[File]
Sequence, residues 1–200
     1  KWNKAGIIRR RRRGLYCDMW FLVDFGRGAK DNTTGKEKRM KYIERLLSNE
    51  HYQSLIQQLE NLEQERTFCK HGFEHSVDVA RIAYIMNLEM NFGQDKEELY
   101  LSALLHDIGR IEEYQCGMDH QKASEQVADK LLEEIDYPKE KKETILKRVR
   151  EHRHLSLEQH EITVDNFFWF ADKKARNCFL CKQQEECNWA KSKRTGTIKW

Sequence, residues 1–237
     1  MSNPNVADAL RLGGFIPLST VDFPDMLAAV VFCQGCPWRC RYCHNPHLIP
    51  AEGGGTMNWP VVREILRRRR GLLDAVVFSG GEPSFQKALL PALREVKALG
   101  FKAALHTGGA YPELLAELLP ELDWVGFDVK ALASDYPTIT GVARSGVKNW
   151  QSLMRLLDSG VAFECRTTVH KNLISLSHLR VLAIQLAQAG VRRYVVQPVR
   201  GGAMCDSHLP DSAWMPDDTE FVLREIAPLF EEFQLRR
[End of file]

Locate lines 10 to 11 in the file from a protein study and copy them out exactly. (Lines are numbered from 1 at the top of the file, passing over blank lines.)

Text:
   151  QSLMRLLDSG VAFECRTTVH KNLISLSHLR VLAIQLAQAG VRRYVVQPVR
   201  GGAMCDSHLP DSAWMPDDTE FVLREIAPLF EEFQLRR